Our NMUSD Adult School ESL professional learning community (PLC) teams are meeting biweekly to dig into three crucial questions this year. Read on to learn 1) what the questions are, 2) how we ask and answer them and 3) how they help us build our capacity to improve student learning. Read on. Lead on!
The three questions:
In his article “What is a ‘Professional Learning Community’?” Rick DuFour urges “every professional in the building” to engage with their colleagues in the “ongoing exploration of three crucial questions that drive the work of those within a professional learning community:
- What do we want each student to learn?
- How will we know when each student has learned it?
- How will we respond when a student experiences difficulty in learning?”
How we ask and answer the questions:
Our ESL teachers meet biweekly in PLC level teams to dig into these questions.
Tools to help ask the questions (the structures and conditions for meeting)
- Evening site - Last 45 minutes of class (independent study time for students)
- Morning sites - First 45 minutes of class (independent study time for students)
- anytime…via the blog and/or email
- Evening site – BESST-Center facility in host-teacher’s room (rotational)
- Morning sites - BESST Center in host-teacher’s room. Whittier-site teachers join meetings
- anywhere…via the blog and/or email
- Evening site – PLC teams created by level: 1) Beginning Lit and Beginning Low, 2) Beginning High and Intermediate Low, 3) Intermediate High and Advanced
- Morning sites - PLC teams created by levels and goals
Tools to help answer the questions
Question 1: What do we want each student to learn?
- Course Outlines:
- ESL Standards: Model Standards for Adult Education
- ESL Curriculum Scope and Sequence: Stand Out Basic, All-Star 1-4, Azar grammar series
- ESL Pacing Plans:
- CASAS Competency Checklists f0r ESL by level:
- ESL End-of-Semester Evaluation:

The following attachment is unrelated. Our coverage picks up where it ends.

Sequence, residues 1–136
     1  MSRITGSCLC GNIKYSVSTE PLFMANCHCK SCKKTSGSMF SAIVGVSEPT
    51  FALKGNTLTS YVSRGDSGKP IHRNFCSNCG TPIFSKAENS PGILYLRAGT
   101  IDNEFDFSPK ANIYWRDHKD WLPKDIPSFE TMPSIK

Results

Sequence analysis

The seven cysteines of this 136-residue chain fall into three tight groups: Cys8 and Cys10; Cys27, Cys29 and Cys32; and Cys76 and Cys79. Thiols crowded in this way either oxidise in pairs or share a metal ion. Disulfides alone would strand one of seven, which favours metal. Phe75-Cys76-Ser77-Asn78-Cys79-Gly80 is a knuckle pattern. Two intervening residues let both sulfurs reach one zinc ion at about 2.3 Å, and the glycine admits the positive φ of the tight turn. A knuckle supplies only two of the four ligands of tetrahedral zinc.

Question 2: How will we know when each student has learned it?
- Formative assessments: All-Star 1-4 end-of unit tests
- CASAS Test Results:
- Summative Assessments: curriculum-based end-of-semester tests
- Martha provides comparative spreadsheet of results by level. Click here for an example: Program-wide Promo Test Results – June, 2007
Question 3: How will we respond when a student experiences difficulty in learning?
- NMUSD Adult School Policy: (currently our only systematic response) Evaluation is based on multiple assessments: the standardized CASAS reading rest, curriculum-based unit tests, the standardized curriculum-based exit exam, class work, oral participation and projects.
Students will be exited from an ESL level when they meet the criteria enumerated in the course outline
How we use the questions to drive our work
Looking at where we’re at and where we want to go is the most challenging and transformative part of this process. Here are our realizations thus far:
Where we are (1): What do we want each student to learn?
We may not truly have a common understanding of what each student should learn. We clearly know what we should teach (see CASAS competencies, course outlines, curriculum scope and sequence, and evaluation requirements above). But we may not agree with it. And if we don’t have a common agreement of what each student should learn, we implement the curriculum in very different ways. As we meet to talk about the curriculum, we discover that we differ not so much with each other but with the publishers.
Where we are going (1): What do we want each student to learn?
Stand Out Basic (Beg. Lit) is not in alignment with our common understanding of our essential knowledge and skills for this level. Our Beg Lit teachers reviewed 6 curriculum options and are in the process of supplementing Stand Out Basic to better meet the essential skills. They will post their progress on the blog.
All-Star 1 (Beg Low) and All-Star 2 (Beg High) are in good alignment with our common understanding of essential knowledge and skills. Beginning Low and High teachers will make slight adjustments to curriculum as needed.